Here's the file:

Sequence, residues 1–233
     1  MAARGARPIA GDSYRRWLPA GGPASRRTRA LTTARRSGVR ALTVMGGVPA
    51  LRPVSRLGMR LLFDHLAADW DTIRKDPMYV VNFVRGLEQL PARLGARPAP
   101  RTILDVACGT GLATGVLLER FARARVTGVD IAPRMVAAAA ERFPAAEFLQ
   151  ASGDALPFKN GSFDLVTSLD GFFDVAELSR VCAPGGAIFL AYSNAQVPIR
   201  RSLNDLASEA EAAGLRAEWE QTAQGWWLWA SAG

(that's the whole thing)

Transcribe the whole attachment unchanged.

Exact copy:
Sequence, residues 1–233
     1  MAARGARPIA GDSYRRWLPA GGPASRRTRA LTTARRSGVR ALTVMGGVPA
    51  LRPVSRLGMR LLFDHLAADW DTIRKDPMYV VNFVRGLEQL PARLGARPAP
   101  RTILDVACGT GLATGVLLER FARARVTGVD IAPRMVAAAA ERFPAAEFLQ
   151  ASGDALPFKN GSFDLVTSLD GFFDVAELSR VCAPGGAIFL AYSNAQVPIR
   201  RSLNDLASEA EAAGLRAEWE QTAQGWWLWA SAG